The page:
MPs want to be treated as 'royals' to perform their duty
SEE ALSO :Race to replace UK's May gets underwayThe lawmakers then turn their attention to money matters where they want their Sh20 million mortgage increased as well as weekly updates on their car mileage and plenary and committee sitting allowances. And to ‘ease’ their transport woes, they have requested that the Sh5 million car grant be increased to Sh7 million. They have also given their insurer, Liaison Insurance, six months to ‘improve its services’ or have its two-year contract terminated. The MPs also dwelt on the issue of cleanliness, mainly in the lavatories and restaurant, where they complained about lack of tissue papers and having to share the facilities with non-members. They also lobbied to outsource the catering services. They also criticised the House leadership for not complying with the disability laws and ensuring there are facilities reserved for the disabled as well as for breast-feeding mothers.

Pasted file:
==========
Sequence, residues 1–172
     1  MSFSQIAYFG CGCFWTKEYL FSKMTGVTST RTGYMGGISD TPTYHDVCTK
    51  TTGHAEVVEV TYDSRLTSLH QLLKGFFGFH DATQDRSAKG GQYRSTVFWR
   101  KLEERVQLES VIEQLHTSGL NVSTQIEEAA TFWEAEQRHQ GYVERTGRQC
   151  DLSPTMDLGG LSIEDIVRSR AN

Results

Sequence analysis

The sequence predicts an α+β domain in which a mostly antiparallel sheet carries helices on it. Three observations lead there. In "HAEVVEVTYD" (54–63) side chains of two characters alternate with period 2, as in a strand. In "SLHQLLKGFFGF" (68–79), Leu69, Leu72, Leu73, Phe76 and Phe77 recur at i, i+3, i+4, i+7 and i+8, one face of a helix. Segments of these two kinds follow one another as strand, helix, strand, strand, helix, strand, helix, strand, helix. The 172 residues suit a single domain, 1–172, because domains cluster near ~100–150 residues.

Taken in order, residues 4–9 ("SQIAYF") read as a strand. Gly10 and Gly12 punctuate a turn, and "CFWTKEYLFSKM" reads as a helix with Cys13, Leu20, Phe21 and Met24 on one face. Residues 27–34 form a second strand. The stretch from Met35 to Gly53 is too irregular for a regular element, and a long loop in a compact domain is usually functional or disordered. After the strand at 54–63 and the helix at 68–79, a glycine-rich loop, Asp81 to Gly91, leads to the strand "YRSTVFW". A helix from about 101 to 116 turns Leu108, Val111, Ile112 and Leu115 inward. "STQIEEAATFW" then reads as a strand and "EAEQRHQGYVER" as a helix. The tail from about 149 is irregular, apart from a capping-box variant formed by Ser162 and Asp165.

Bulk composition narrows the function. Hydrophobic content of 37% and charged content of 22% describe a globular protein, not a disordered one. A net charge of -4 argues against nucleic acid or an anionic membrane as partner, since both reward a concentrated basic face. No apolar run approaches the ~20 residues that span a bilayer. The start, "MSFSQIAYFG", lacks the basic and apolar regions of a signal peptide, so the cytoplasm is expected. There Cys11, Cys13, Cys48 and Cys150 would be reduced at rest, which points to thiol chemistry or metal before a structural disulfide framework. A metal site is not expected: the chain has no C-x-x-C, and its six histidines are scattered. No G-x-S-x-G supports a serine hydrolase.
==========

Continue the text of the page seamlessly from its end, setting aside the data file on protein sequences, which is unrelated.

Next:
SEE ALSO :MPs now slash SRC budgetMr Machogu’s report was written after the National Assembly’s Committee on Members’ Service and Facilities, which he chairs, concluded a bench-marking visit to the parliaments of the United Kingdom and Northern Ireland to assess their facilities and services and draw lessons that could be replicated in the National Assembly. Spurred on by tales of ‘luxuries’ in the West, speaker after speaker outlined a myriad of complaints, which they argued impeded their daily work. “The car grant, mileage allowance and mortgage scheme do not take into account the current prevailing market rates. We have proposed implementation in three phases: those to be done immediately by the Parliamentary Service Commission (PSC) chaired by Speaker Justin Muturi, medium term to be actualised in six months and long-term proposals,” said Machogu last Wednesday when he moved a motion on the adoption of the report with 48 recommendations. The MPs took issue with the disparate payment of State officers and their lack of access to house allowances. They questioned why Cabinet secretaries, who they vet after being appointed by the president, were entitled to round-the-clock security while they were restricted to only one police officer.
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